Carolyn, who when she was in London didn't get any good tasting tomatoes, but there's an island off the coast, I forget the name now, that grew lots of decent tasting ones in glasshouses and sent them to the mainland.
Hi Carolyn, our tomatoes are about as good as our teeth!!!

The island you are thinking of is the 'Isle of Wight' ( pronounced white) in the solent which is part of the channel, near Portsmouth.
The tomatoes that we buy in our supermarkets are getting better these days but there are still plenty of watery offerings from the cheaper suppliers

Thanks
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Old September 23, 2017   #10
bower
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IMO there are some varieties that produce their best fruit in cool and damp conditions. Moravsky Div comes to mind, the colder and wetter the year, the tastier they were for us!
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Old September 23, 2017   #11
Mr Tickle
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IMO there are some varieties that produce their best fruit in cool and damp conditions. Moravsky Div comes to mind, the colder and wetter the year, the tastier they were for us!
Have just ordered for next season and will let you all know how they get on.
Any other suggestions??
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Old September 23, 2017   #12
PaulF
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No, the Pacific Northwest is not like England. We have rain on perhaps two or three days in the summer. We get our rain in the winter, when the sun is rarely seen, and no one is trying to grow tomatoes. Broccoli thrives, though.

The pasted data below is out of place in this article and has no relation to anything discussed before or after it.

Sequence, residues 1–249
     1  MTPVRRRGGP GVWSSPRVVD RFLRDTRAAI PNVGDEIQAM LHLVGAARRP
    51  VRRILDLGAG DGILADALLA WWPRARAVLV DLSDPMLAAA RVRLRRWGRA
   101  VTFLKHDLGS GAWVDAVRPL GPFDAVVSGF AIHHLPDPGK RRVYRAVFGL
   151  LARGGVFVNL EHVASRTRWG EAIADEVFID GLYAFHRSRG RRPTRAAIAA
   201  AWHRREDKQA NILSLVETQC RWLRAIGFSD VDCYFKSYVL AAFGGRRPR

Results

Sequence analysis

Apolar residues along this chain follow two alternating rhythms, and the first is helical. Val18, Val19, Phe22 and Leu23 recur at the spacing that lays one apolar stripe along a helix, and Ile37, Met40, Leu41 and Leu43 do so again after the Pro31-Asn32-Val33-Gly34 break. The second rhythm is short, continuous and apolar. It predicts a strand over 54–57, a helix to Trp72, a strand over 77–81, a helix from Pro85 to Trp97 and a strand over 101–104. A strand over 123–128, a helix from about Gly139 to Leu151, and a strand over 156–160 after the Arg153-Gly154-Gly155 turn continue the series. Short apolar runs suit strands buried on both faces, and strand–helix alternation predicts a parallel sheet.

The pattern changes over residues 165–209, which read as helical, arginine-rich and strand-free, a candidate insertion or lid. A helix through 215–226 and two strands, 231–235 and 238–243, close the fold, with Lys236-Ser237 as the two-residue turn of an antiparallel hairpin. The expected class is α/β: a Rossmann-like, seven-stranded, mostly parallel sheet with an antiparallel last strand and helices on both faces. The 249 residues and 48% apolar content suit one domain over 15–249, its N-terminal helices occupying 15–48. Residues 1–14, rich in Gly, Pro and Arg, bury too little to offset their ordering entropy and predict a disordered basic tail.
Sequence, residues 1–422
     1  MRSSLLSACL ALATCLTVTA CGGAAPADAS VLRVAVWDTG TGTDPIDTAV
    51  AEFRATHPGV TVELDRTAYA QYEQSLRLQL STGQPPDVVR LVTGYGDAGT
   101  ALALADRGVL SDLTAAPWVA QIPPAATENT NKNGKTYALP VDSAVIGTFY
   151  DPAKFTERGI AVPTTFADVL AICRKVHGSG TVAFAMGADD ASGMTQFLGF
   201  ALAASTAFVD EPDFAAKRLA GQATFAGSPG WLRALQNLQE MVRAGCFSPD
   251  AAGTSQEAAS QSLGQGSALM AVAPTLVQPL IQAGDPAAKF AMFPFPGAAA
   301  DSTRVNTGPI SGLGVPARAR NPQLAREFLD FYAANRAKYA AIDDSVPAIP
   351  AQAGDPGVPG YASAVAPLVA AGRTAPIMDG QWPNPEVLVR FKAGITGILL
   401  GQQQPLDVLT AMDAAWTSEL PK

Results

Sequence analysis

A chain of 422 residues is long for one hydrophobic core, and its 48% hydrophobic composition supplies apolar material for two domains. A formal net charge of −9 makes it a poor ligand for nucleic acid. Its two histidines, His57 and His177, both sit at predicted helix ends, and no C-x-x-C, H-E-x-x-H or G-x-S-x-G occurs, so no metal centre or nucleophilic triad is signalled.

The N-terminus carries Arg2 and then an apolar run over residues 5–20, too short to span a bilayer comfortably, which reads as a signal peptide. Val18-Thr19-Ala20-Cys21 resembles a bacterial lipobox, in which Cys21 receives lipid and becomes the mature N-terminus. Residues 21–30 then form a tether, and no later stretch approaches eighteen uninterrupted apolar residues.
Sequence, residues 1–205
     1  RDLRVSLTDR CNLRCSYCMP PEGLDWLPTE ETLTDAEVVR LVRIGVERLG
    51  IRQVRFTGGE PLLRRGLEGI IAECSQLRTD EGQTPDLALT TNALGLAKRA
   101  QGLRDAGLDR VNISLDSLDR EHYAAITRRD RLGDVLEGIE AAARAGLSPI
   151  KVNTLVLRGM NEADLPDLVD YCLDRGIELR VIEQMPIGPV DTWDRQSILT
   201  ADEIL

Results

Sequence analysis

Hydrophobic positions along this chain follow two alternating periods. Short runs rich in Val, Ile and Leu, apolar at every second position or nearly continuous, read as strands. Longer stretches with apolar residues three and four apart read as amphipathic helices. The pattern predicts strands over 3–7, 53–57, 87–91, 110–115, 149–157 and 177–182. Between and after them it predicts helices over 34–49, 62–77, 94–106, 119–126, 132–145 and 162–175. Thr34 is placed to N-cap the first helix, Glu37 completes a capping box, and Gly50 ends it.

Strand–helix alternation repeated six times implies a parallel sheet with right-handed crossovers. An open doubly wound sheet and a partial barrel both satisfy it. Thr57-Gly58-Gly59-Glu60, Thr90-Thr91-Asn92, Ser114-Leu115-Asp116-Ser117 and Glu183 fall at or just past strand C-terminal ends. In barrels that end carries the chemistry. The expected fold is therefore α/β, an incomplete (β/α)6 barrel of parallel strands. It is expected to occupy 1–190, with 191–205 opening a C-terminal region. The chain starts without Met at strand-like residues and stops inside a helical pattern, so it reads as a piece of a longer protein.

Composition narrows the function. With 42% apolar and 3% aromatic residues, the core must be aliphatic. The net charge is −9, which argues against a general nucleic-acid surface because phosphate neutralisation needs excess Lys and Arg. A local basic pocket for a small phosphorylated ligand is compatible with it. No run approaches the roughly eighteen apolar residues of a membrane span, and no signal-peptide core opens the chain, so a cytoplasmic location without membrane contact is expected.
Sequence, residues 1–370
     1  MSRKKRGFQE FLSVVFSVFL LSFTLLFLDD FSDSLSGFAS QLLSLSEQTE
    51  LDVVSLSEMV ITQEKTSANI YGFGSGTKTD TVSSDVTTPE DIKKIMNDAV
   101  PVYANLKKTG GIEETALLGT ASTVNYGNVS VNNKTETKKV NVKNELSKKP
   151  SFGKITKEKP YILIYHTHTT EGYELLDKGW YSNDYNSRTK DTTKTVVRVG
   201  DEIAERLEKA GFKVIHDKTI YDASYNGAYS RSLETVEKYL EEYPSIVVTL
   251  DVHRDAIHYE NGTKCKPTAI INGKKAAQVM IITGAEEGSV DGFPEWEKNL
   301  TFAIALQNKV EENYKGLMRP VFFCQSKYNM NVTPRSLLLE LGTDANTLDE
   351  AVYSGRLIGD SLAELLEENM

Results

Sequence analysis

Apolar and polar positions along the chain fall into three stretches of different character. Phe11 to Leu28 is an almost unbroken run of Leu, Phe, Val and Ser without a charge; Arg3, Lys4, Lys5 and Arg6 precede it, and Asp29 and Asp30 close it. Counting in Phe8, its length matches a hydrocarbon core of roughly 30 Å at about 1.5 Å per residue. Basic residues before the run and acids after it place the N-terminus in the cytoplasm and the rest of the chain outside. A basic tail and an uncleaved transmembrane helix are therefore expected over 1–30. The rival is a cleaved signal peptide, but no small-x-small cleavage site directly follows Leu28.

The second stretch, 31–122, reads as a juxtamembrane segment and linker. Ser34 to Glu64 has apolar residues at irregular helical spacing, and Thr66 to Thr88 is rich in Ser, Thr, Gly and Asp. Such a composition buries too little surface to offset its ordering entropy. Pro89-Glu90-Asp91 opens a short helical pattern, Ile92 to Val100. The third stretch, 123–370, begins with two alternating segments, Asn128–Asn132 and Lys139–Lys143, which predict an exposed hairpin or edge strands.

Having grown up in Oregon just west of Portland, I was thinking more of temperatures both daytime and nighttime. Compared to growing season conditions in the mid-west, Pacific Northwest is much cooler day and night which is reminiscent of England. I know about the rainy season and the dry season and agree it doesn't compare. I was not very clear. And it has been a long time since living in God's country and my memory is a little shorter than it used to be.

My dad tried his best to grow tomatoes like he did in Iowa and was frustrated in the attempt. Then you throw in the English rains along with the lower temps and it makes it difficult to grow long season tomatoes.
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Old September 24, 2017   #13
Mr Tickle
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Hi Paul, I'm in the south east of England so maybe we are more like the Pacific north west in climate. I have managed to grow long season toms a couple of times but crops are always small. Midseason varieties do well in the greenhouse and my favourite has been rose de bern.